Krista Gesaman

Stories by Krista Gesaman

  • Response to the Blogosphere About 'Roe v. Wade' Article

    There has been quite a storm in the conservative blogosphere over my look-ahead post on the Roe v. Wade anniversary rallies from Friday morning. The bloggers seem to think that I intentionally, or ignorantly, conflated pro-choice young feminists, who I predicted would come out in smaller numbers than their older counterparts, with young pro-life activists. In fact, my intention, which I acknowledge should have been articulated more clearly, was to note that left-leaning young women who have grown up since Roe v. Wade tend to be less viscerally motivated by the need to preserve Roe. Pro-life young women, on the other hand, have grown up objecting to the status quo on abortion law, and are more likely to be politically active on the subject, as my quote from Olivia Gans demonstrates.
  • Should Foreign Corporations Spend Money on U.S. Political Candidates?

    Foreign businesses might be the real winners in Citizens United v. Federal Elections Commission, the landmark case that allows corporations and unions to spend limitless amounts of money on presidential and congressional political campaigns. A majority of large businesses are now owned by foreign entities, and this means international corporations could pour tons of money into the United States political scene, potentially swaying the political climate. ...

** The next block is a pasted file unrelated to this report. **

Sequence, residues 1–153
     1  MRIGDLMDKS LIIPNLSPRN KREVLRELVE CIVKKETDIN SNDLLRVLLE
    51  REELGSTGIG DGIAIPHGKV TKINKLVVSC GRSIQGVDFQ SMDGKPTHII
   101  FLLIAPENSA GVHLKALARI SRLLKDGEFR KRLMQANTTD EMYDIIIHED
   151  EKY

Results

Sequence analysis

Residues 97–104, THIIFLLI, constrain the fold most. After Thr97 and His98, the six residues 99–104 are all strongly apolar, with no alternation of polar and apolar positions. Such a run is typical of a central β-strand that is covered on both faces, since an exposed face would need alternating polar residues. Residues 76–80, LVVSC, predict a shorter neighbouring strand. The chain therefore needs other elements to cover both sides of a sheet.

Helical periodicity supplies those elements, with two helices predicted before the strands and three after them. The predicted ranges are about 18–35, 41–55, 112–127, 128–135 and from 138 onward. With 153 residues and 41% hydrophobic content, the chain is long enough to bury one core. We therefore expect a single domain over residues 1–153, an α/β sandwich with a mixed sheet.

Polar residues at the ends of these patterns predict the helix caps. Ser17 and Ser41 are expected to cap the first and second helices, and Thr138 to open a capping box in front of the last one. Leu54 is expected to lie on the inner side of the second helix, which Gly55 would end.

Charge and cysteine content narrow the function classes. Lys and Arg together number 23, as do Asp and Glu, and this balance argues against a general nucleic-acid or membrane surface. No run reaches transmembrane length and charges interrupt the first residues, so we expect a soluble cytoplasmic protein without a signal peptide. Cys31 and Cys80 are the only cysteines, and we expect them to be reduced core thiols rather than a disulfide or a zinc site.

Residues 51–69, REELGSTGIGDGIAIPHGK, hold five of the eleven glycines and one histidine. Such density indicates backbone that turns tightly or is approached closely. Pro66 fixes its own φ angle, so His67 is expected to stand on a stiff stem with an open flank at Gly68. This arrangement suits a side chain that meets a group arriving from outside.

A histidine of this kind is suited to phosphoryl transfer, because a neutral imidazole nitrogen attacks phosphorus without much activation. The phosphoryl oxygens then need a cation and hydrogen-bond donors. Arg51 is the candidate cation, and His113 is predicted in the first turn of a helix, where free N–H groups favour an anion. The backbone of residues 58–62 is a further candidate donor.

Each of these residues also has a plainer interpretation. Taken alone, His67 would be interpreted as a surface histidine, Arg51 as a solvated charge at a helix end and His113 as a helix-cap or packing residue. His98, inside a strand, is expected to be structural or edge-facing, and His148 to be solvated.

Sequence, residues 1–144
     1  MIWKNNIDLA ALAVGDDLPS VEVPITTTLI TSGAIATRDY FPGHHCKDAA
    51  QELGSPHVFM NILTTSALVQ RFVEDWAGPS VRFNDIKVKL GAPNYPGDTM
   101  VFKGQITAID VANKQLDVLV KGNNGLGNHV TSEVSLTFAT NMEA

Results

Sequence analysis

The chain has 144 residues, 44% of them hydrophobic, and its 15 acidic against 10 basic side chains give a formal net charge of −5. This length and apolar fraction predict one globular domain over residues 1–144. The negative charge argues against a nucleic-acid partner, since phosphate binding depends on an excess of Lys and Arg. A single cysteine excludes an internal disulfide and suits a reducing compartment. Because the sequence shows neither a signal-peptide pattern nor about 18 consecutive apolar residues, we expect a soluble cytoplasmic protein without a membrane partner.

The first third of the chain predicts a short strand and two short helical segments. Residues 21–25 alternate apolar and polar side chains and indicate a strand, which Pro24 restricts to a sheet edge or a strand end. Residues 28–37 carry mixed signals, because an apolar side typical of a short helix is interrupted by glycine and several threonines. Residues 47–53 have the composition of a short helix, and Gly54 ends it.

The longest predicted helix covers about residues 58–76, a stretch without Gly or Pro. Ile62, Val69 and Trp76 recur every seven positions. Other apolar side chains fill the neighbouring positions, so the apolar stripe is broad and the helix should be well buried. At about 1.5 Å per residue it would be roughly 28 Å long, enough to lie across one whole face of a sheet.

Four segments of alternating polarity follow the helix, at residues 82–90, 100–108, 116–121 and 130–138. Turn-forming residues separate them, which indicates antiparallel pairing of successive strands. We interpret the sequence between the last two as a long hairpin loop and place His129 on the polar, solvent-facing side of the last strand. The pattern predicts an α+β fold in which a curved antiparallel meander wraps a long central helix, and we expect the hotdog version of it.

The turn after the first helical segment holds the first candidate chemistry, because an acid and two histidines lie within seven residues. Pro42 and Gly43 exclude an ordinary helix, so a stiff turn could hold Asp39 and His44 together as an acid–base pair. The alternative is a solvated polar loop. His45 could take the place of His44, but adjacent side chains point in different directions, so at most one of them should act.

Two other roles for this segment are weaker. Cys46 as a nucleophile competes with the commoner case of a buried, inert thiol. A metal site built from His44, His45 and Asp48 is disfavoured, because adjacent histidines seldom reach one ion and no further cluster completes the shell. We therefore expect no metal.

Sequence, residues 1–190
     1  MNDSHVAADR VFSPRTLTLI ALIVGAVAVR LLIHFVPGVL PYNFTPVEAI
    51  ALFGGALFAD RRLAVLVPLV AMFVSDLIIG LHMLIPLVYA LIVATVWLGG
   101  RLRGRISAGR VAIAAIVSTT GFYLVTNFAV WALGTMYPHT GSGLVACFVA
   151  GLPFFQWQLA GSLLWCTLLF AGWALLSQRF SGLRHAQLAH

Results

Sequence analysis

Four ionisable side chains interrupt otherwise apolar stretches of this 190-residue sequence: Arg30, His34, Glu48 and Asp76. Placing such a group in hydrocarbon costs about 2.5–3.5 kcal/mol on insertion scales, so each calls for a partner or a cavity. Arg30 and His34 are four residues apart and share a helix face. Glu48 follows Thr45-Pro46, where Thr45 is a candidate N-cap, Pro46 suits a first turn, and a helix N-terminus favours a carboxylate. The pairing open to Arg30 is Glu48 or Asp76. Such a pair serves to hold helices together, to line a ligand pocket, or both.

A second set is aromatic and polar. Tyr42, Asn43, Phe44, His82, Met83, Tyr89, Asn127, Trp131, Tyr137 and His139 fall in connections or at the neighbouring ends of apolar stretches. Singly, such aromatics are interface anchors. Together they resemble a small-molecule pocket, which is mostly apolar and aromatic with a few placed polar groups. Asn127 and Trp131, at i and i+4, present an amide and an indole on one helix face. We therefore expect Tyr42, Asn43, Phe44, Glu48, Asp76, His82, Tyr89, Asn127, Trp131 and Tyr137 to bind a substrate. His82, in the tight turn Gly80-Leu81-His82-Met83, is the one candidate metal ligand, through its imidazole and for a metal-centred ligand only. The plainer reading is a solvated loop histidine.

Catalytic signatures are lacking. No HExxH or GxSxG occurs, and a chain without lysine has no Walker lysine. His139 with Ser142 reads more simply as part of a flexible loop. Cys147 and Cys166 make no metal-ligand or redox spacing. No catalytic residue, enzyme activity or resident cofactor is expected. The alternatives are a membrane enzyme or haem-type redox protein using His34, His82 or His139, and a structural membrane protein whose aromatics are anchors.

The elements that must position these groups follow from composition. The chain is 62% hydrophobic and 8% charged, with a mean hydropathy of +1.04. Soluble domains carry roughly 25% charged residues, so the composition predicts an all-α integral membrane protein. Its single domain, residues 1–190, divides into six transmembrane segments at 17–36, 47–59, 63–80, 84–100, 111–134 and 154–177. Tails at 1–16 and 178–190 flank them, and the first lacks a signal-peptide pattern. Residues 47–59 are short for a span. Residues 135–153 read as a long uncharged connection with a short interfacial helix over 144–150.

• Who’s Missing at the 'Roe v. Wade' Anniversary Demonstrations? Young Women.

    Today is the 37th anniversary of Roe v. Wade, the landmark Supreme Court case legalizing abortion, and droves of women are prepared to face rainy weather to support their positions during the annual Washington, D.C., demonstrations. But there will be one major difference with the demonstration route this year—it’s shorter. ...
  • From Beer Ads to Political Spots: Will a Supreme Court Case Change the Future of Super Bowl Commercials?

    Let's be honest, there are some people who are more enthusiastic about the Super Bowl commercials than the outcome of the game. Who can forget the Budweiser commercial with the three adorable frogs sitting on a log croaking "buuud," "wiiise," and "errr"? Often times the commercials are more memorable than the final score. So you might be surprised to learn that a pending U.S. Supreme Court case could change the course of advertising—opening the door to a plethora of political ads. Imagine saying goodbye to the hilarious Doritos ads and witty M&M's commercials, and hello to congressional and presidential campaign spots....
  • The Day Nixon Met the King

    Thirty-nine years ago today, the White House played host to a most unusual meeting. Hip-thrusting idol Elvis Presley walked up to the northwest gate of the mansion with a six-page letter to the president scribbled on American Airlines stationary. His reason for being there was simple: to seek an audience with President Nixon to help in the government's battle against teenage drug abuse.The word that Presley had been at the gate eventually made it to Nixon, who invited Presley into the White House seeing an opportunity for the musician to do a civic duty and be the “voice of reason” for teenagers considering drug use. But the meeting gave some senior staff pause, wary of how it would look to invite a celebrity into the West Wing. On the memo approving the meeting, Bob Haldeman, Nixon’s chief of staff, wrote in the margin “you must be kidding.” Haldeman had qualms with a portion of the memo that stated, “the President wants to meet with some bright young people outside of the Go...